Some other perks of having a Scribd membership is it also gives you free membership to their other partners such as Pandora Plus, CuriosityStream, & others.





The last paid reading app on this list is called Blinkist. Now I will only recommend this app if you love to read non-fiction books (think personal development books), AND you’re super busy and short on time and don’t have time to read an entire book.

This app allows you to get the key points from a book summarized in short “blinks” as they call them. They have a free 7-day trial, but if you don’t cancel after the trial period you’re automatically enrolled in their annual subscription, which costs about $100, so be careful with this one. Their other subscription plan is a monthly fee for $15.99 but there’s no trial period with this option.

Again this app won’t be for everyone, but if you love non-fiction books and you’re short on time and just want to get the key points from a book, then this could be a good one for you.

I used this app back when I was working full time as a counselor and I like it, but if I really like a book then I’d prefer to read the whole thing, not just the summaries. On the plus side, if you’re not sure about a book or whether you’ll like it, it could help you decide whether or not to pick it up.

Free Apps



Now let’s get to the free reading apps. Yay! The first one I’ll recommend is overdrive and/or Libby. These apps are connected to your public library and require you to use your library card to access them.

Overdrive and Libby are pretty much the same, I actually think they’re sister apps so they have the same features and functions. There’s really no difference between them except for the interface appearance. I like the interface of overdrive better than Libby, but I’m more used to overdrive, I’ve been using it for a lot longer so that’s probably why I prefer it.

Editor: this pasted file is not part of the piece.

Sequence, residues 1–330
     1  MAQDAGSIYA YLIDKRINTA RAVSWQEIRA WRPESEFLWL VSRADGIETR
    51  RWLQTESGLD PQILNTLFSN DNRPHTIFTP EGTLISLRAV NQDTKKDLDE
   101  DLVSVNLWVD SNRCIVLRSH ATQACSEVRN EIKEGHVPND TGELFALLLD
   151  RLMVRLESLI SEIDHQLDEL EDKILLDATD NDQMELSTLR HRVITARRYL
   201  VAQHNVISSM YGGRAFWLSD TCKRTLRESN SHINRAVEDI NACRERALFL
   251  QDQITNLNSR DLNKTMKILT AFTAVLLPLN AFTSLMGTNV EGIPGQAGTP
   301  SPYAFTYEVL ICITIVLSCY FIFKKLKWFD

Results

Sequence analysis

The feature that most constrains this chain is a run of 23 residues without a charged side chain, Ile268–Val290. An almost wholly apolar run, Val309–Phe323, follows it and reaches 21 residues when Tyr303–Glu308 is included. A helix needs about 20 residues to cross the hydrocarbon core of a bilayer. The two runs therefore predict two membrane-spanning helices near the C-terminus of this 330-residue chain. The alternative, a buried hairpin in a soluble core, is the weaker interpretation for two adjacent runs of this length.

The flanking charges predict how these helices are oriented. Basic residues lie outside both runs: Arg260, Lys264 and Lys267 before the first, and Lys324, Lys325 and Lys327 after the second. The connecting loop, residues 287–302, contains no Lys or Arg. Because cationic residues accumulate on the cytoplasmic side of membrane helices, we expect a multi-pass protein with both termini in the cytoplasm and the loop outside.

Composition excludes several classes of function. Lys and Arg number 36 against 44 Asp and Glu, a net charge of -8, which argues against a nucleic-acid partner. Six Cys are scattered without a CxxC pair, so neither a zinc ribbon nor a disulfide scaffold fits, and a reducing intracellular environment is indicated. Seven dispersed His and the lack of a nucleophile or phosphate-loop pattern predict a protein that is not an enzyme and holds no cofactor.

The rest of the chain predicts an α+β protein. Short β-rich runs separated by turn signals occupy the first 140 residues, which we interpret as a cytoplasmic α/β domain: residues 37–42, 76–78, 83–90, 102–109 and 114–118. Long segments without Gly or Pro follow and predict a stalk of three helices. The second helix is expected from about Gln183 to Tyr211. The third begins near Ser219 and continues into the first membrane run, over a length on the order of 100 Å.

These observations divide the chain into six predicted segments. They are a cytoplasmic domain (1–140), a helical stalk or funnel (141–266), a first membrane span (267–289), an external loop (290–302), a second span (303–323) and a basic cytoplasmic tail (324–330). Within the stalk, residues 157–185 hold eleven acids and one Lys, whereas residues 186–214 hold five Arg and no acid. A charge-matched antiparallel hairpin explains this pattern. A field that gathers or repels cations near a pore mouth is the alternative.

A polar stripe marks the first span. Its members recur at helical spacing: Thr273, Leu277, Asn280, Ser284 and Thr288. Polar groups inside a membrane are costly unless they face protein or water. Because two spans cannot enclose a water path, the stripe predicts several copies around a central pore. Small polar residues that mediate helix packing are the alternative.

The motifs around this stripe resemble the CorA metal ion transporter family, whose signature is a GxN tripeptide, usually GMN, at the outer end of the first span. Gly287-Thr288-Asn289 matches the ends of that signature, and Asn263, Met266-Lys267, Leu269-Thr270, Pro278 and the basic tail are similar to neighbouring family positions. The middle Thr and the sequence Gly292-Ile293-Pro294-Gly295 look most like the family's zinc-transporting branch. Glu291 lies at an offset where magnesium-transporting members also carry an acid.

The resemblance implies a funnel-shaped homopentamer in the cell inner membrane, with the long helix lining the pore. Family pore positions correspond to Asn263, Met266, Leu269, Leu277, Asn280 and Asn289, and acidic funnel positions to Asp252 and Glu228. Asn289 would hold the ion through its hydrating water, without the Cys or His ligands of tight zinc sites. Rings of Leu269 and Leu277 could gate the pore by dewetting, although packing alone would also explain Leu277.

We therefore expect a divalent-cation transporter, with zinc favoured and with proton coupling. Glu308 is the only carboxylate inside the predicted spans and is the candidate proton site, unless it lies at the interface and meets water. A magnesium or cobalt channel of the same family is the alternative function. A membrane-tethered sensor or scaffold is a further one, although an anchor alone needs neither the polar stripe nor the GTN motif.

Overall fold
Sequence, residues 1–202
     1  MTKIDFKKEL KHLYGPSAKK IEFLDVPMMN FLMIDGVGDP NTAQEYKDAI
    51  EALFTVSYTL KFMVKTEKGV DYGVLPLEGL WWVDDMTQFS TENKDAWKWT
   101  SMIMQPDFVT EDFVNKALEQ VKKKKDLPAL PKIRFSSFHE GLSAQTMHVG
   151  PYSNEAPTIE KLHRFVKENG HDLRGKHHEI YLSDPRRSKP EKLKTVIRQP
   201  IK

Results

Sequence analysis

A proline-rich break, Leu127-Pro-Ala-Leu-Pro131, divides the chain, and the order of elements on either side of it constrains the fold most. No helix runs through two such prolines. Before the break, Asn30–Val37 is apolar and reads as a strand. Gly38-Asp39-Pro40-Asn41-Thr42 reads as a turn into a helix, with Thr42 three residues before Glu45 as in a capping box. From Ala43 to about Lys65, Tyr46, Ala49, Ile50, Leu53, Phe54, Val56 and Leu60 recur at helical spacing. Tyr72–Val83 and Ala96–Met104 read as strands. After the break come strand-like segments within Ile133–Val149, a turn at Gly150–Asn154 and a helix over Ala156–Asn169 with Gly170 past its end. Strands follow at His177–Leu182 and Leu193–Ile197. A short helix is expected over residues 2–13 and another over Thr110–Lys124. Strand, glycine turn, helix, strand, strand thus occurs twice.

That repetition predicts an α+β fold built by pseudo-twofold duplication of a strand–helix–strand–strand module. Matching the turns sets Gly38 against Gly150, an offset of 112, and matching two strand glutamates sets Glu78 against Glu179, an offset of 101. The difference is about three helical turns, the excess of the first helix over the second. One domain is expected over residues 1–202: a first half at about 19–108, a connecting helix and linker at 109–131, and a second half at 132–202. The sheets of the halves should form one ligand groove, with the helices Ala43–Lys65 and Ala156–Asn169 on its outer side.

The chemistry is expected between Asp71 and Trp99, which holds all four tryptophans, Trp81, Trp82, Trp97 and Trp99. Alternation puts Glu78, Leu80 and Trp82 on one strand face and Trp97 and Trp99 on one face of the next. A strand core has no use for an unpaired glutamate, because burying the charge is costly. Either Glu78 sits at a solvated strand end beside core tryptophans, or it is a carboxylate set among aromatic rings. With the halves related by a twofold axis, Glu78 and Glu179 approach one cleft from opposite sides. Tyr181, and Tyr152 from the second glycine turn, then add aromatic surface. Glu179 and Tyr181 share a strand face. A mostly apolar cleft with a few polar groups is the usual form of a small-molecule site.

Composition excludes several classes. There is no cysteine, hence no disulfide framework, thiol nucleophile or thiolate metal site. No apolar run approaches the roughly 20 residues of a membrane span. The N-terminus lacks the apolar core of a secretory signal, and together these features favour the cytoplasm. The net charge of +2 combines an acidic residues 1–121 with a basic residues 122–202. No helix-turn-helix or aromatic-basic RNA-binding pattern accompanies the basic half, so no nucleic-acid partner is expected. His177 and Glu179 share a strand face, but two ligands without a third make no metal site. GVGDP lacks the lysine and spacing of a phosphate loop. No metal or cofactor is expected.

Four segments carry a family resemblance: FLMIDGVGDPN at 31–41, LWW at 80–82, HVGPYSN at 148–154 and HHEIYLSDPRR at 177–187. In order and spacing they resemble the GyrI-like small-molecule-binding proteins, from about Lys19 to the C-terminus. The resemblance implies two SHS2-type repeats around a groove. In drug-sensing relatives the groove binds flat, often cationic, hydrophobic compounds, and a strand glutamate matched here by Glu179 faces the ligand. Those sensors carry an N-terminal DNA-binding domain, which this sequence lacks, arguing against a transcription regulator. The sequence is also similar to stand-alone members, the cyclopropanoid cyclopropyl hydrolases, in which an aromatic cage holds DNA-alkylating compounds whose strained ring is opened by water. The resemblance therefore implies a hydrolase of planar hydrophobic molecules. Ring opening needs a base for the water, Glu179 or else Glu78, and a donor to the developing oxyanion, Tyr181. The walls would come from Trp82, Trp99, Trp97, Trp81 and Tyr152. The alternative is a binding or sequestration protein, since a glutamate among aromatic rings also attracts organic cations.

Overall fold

I think maybe depending on where you live one might be available over the other, for instance, maybe your library only uses Libby or only Overdrive, my library offers them both so I can use whichever one I want, but there’s really no difference. Not even in terms of selections of books, or hold times, wait times, all of that is exactly the same on both apps.

You can borrow up to 10 ebooks or audiobooks at a time, unless your library is different. I’d check with your local library rules to see what the policy is for borrowing or placing holds. For my library I can borrow up to 10 ebooks or audiobooks at a time & I can have up to 8 books on hold at a time. So definitely check with your library on the rules, but these are great apps to have.



The next free reading app is called Hoopla. This is another library app. For me and my library, I can also borrow up to 10 books per month with Hoopla. The cool thing about hoopla is there’s never a wait time or a hold time. Every single time I’ve borrowed a book from that app, I’ve been able to get it immediately without having to wait or put in a request.

With Hoopla, not only do they have e-books and audiobooks, but they have movies and music you can listen to. And, if you have a fire stick, you can get hoopla on your fire stick and watch movies from there, or listen to music, or have audiobooks play on your TV.



The last reading app on this list is Goodreads. Goodreads has its pros & cons. I know some people don’t like it cause they feel pressured by the Goodreads challenge or they don’t like the rating system or other reasons, but I like Goodreads.

Now Goodreads is not an app where you can read or listen to books. It’s meant for organizing your books, rating & reviewing them, & creating book discussions with other users. It’s got a lot of cool features, but also some features you probably won’t bother using.

I use it to keep track of the books I’ve read, books I want to read, and books I’m currently reading. I don’t mind doing the Goodreads challenge, but I don’t pressure myself to complete it or not. If I do great, if I don’t it’s not the end of the world.


So that’s it for today. These are the best reading apps that I know of. If you know of any others, share them in the comments below, and also if you’ve tried any of these apps, let me know what you liked or didn’t like about them.

Until next time,

Happy reading & writing!